Call me old fashioned..
I still manually level my 3D Printers and my process produces great results. While there are a lot of proponents for automated leveling, I find the endstops to be inconsistent and automated leveling unnecessary. I can manually level my printer in about a minute.
The only time I have to re-level is when I change nozzles or I power it off without moving Z to 0MM after a print.
Before any of this.. you need to ensure your platform is fixed and does not shake. I used brackets to fix mine to the wall and shims to level the surface the printer sits on. Your are looking for perfectly flat or very close to it.
Step 1: Replace your glass!
Most stock glass that comes with printers is not level. It’s also think and harder to heat.
They used to come in 10 packs.
Glass works great just apply a layer of Elmer’s glue stick while the bed is at 60C. Maintenance is quick, I occasionally use a razor to scrape a bit of glue off and recoat. I never clean the bed all the way.
Step 2: Get some levels and a straight edge!
This is to ensure your printing surface is flat and not warped. If your stock glass is good to go, the metal straight edge should not rock or show gaps below.
Digital Level I prefer this level but I am a bit of a geek.
Circular Bubble Spirit Level This is a great solution on the cheap. Typically, the bigger the better.
Line Level or if you want to go in really cheap but still be effective.
You will use your chosen level to level the printer.
Step 3: Turn off your printer and level you Z-Axis
This process is pretty simple, just level the bubbles (digital or analog). Assuming you have a Dual Z-axis just spin the lead screw on the right side left or right to get the bubble centered. Occasionally, you will feel some tension in and see the Z-axis arm move a little after you let go, this is a redo. You don’t want up or down pressure.
The Z-axis should sit at 0 after you let go.
Once your Z-axis is level, power the control box back up.
Step 4: Autohome
Autohome your printer: Prepare, then select Autohome
Step 4: Disable Steppers
Disable Steppers, just roll up 1 and select Disable Steppers
Step 5: Grab a sheet of paper and get to leveling
Start in the front left corner about 3-4 in from the corner. Adjust your bed leveling screw until your feel slight friction on the paper. You may have to push down on the bed to get the paper in at first. I work counter-clockwise around the print surface.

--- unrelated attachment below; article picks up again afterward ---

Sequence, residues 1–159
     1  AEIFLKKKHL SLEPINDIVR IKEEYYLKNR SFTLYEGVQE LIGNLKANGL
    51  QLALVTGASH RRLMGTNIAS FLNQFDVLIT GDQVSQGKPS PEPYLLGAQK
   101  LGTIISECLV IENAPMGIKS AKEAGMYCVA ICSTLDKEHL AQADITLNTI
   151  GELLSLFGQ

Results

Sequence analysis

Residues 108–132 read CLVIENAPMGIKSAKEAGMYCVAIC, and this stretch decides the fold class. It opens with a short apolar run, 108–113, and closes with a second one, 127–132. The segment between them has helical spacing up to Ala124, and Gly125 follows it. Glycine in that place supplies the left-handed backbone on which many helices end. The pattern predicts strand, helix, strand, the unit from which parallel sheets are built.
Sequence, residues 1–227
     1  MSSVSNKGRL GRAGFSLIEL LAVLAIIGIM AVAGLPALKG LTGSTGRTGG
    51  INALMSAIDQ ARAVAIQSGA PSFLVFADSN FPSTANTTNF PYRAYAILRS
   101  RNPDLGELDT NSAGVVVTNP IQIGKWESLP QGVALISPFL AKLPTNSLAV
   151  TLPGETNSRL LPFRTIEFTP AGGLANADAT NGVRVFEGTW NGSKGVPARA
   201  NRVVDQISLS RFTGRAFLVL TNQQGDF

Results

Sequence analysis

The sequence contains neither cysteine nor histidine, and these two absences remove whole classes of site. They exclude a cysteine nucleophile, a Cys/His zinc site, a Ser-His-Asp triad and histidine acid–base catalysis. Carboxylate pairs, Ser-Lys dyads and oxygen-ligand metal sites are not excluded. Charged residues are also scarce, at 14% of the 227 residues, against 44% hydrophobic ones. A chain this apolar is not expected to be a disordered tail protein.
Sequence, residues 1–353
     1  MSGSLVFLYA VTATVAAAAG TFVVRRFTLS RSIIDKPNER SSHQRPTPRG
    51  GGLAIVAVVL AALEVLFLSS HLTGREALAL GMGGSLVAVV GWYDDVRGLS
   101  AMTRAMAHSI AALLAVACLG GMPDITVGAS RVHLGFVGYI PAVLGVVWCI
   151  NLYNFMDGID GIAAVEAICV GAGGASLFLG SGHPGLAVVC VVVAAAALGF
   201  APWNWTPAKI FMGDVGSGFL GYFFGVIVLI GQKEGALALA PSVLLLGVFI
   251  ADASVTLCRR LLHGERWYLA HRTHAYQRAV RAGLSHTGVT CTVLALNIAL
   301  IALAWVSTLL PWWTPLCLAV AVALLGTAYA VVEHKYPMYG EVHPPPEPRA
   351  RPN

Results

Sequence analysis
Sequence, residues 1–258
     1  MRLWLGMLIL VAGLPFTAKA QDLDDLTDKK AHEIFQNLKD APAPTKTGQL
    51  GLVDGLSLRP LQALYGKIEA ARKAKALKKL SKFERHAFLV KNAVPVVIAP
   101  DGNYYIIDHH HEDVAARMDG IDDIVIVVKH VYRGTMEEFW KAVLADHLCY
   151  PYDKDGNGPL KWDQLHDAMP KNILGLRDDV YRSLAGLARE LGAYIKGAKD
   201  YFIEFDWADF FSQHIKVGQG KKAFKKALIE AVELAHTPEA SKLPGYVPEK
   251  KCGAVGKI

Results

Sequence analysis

Work the paper back and forth a centimeter or so, you will get a feel for what is to loose and to tight. If there is too much friction you will see your extruder motor struggle to feed filament and it will click or simply not feed filament. More on that later.
Move your print head to the front right. Same process, adjust the bed leveling knob until you get a slight scratch with the paper.
NOTE: Ensure you are moving the printhead using the mount, not the printhead itself. If you do, you will notice the printhead come loose.
This is probably a good opportunity to talk about Loctite Blue Stick – Medium Strength, this is a must have for a 3D Printer. I usually get it from Amazon Warehouse for about $10 as used, but they have always been new when I opened them.
Move your or bed (Y axis) to the back right. Same process, adjust the bed leveling knob until you get a slight scratch with the paper.
Move your or printhead to the back left. Same process, adjust the bed leveling knob until you get a slight scratch with the paper.
Now that you have been around once, you will repeat the process one more time, or, until you are satisfied. To fine tune your level, use your levels.
I find my print bed will level with a level left and right, but not along the Y-Axis. Just ensure the bubble is centered left and right because your Z-axis was perfectly level when you powered the system up.
This print takes about 20 minutes and is a good test of your printers level and stringing.
Let me know if this helps or hurts!
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